Item #5 is counter-productive because admitting additional immigrants will increase the number of job seekers in the U.S. #11 is irrelevant because the long-term unemployed are usually former professionals or other adults who are earning way more than minimum wage when they are working. There is no shortage of minimum wage jobs in the U.S. Numbers 3, 4, 6, 7, 8, 9, 10, and 12 may have some modest positive effect but they all strike me as very small potatoes and many of them are likely to stir up a hornet’s nest of opposition if the GOP tries to use its scarce political capital on these issues. The Democrats claim to already be doing Numbers 1 and 2 and the GOP would be left merely saying that they can better execute the Democrats’ playbook.

    I think the GOP needs to say that they will fix the U.S. economy by repealing ObamaCare and will reform the U.S. tax code to make it more pro-growth. I propose the GOP start by examining the pre-1986 Internal Revenue Code and determine whether the 1986 Federal Tax Act was really good public policy.

  9. dear sir
    I am ultra liberal
    and the first few points I thought, wow, not bad – we can agree on that.
    Some of the points, like 9 and 10 sound a little hokey to me, but as you so rightly point out, we are in really bad shape employment wise, so fine, lets try all sorts of things; we can’t get much worse then where we are now.
    Your last two points, I really don’t like
    You are willing to take 10/12, I think you can get a deal, if I am your representative liberal

  10. Quite overly complicated. A real solution would be a lower flat income, capital gains, and corporate tax; limiting unemployment benefits to the amount paid into date by the employee in unemployment insurance payments; and work private sector work requirement for welfare recipients.

  11. Since China joined the WTO in 2001, over 50,000 manufacturing jobs PER MONTH have been outsourced from the US, and each of those manufacturing jobs spawned between 3 and 6 additional jobs in services. Then, think of just one manufacturing facility with its management, marketing, office, accounting, engineering, technical and maintenance staff–also lost (not to mention the loss of tax revenue). Every economic success story of the 20th century was built on an industrial base, since manufacturing is one of the few human endeavors that actually produces wealth, and the vast hallowing out of America’s manufacturing is mostly to blame for our current economic, unemployment and financial woes.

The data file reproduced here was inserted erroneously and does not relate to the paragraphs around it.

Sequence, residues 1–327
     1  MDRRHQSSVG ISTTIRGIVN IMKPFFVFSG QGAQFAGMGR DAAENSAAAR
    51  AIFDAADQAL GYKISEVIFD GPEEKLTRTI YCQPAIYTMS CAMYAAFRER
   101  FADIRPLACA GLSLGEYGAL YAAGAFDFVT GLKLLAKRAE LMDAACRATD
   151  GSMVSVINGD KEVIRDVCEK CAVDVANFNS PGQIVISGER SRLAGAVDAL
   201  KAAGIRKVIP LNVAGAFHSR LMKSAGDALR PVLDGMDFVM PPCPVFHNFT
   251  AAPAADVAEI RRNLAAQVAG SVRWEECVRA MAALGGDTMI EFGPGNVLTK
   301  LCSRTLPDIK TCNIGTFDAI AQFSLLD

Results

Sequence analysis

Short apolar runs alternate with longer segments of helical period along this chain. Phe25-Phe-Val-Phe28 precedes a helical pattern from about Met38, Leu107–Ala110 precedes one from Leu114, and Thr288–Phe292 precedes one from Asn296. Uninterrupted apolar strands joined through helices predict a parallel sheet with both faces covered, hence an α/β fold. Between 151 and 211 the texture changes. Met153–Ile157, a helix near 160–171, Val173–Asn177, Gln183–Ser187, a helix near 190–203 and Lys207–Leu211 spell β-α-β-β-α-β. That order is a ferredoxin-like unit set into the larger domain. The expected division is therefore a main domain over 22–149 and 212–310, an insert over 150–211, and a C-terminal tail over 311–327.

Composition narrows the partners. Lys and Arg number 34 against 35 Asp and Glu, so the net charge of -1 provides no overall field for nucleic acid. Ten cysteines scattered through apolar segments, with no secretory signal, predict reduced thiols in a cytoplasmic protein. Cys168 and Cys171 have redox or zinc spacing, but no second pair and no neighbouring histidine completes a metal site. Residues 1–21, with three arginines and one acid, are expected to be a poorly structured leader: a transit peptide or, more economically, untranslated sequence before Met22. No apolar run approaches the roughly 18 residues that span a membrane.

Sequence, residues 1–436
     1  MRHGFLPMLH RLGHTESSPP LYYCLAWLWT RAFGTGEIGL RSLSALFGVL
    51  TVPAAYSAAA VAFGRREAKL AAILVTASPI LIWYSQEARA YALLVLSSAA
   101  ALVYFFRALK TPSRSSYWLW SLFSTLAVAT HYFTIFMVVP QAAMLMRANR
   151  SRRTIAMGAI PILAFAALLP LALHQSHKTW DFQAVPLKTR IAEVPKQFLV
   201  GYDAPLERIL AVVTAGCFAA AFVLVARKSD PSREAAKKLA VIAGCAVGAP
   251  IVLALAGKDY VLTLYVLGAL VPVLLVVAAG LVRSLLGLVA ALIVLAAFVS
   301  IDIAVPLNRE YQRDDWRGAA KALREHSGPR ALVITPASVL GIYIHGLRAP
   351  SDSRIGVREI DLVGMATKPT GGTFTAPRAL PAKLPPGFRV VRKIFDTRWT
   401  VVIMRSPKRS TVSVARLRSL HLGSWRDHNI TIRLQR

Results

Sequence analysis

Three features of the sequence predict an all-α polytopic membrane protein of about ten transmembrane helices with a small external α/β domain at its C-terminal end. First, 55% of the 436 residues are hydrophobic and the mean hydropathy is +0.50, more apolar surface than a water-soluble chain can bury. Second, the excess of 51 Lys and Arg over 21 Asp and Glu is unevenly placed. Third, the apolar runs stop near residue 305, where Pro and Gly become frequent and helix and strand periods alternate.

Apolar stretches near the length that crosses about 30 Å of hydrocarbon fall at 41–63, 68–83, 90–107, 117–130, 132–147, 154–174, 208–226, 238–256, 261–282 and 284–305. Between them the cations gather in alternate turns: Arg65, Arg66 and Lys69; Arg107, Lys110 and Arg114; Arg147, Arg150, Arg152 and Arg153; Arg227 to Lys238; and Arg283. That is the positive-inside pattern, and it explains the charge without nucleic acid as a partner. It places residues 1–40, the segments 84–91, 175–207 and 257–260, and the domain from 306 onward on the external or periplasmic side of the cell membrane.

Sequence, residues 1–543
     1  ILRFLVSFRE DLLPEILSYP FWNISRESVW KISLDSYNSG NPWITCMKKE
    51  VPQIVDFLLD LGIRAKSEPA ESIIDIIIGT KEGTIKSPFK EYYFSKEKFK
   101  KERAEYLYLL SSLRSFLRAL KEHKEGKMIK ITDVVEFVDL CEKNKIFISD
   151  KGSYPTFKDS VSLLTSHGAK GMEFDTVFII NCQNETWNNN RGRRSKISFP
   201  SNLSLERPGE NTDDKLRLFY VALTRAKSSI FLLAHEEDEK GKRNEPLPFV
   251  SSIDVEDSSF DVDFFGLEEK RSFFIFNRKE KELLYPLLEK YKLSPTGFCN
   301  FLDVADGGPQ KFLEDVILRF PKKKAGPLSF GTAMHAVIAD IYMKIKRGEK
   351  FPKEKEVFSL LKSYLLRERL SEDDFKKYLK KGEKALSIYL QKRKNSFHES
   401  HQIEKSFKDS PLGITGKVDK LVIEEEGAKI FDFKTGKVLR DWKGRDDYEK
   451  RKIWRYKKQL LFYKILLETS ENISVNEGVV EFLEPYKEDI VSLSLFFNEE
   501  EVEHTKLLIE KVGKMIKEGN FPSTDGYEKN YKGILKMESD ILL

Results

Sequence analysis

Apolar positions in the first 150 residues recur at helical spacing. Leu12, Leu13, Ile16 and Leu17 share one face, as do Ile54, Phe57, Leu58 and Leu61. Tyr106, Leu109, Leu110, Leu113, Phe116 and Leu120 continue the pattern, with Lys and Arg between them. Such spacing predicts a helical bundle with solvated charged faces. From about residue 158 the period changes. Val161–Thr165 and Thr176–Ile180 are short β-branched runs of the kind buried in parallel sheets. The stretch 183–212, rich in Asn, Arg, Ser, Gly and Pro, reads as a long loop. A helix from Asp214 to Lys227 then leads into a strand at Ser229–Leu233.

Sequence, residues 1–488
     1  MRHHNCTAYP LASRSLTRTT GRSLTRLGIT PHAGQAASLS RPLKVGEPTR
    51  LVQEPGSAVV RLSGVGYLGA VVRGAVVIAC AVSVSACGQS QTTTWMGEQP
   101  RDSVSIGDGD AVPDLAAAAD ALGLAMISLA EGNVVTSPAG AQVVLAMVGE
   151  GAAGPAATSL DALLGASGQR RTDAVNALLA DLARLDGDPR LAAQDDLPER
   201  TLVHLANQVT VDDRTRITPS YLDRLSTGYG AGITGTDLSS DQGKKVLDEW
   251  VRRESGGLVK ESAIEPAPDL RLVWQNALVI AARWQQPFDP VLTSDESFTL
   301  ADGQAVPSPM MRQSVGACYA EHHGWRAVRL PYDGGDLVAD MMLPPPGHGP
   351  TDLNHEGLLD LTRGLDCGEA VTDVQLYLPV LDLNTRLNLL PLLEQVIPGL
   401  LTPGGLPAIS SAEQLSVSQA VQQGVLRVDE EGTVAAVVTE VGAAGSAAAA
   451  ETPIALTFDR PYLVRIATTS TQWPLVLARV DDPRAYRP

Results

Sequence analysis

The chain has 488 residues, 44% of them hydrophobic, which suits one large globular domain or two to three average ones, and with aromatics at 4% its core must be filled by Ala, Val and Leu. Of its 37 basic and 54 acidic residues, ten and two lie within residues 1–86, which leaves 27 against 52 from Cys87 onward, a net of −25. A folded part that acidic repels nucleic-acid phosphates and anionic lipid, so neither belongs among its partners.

12. Brilliant. A long list of recommendations which completely ignore the migration of American industry and jobs offshore. That way Republicans can pretend to have a plan while completely ignoring the causes of our current economic spiral. I particularly like the idea of importing more “high skilled” immigrants to drive down the wages of existing high skilled Americans.

  13. Well maybe we don’t have to wait for ideas from the RINOs, it seems that the regime has it well in hand…

    Well the federales have already issued 147 new regulations and it is only Jan. 4th…

    The regime will need people to handle that…

    Now here’s something you don’t see everyday, the Fed NEEDS more Brown Shirts

    That’s right, the central bank needs their regiments of officers who are certified to carry a variety of weapons systems (depending on assignment) including semi-automatic pistols, assault rifles, submachine guns, shotguns, less-lethal weapons, pepper spray, batons and other standard police equipment. Officers also wear bullet resistant vests/body armor…

    One wonders if the Fed is looking towards the future knowing that it might need these people to help collect the IMF’s desired 10% wealth tax on everyone?

  14. Here is what will work
    1. Raise minimum wage to $12/hr and give American citizens $1000 tax credit on earned income.
    2. Immigration moratorium and mandatory E-verify by all employers until American citizens are fully employed and working class wages are rising.
    3. Equalize tax rates on wages and capital gains.
    4.Require proof of US citizenship to register and a photo ID to vote.

  15. More high skilled workers? Why?

    I applied to five software jobs for which I am highly qualified and very experienced and got zero replies.

    More high skilled immigrants with their low skilled family members.

    You probably want to eliminate copyright laws too. That way I do all the work and Microsoft gets all my software.

    Fred (pseudo)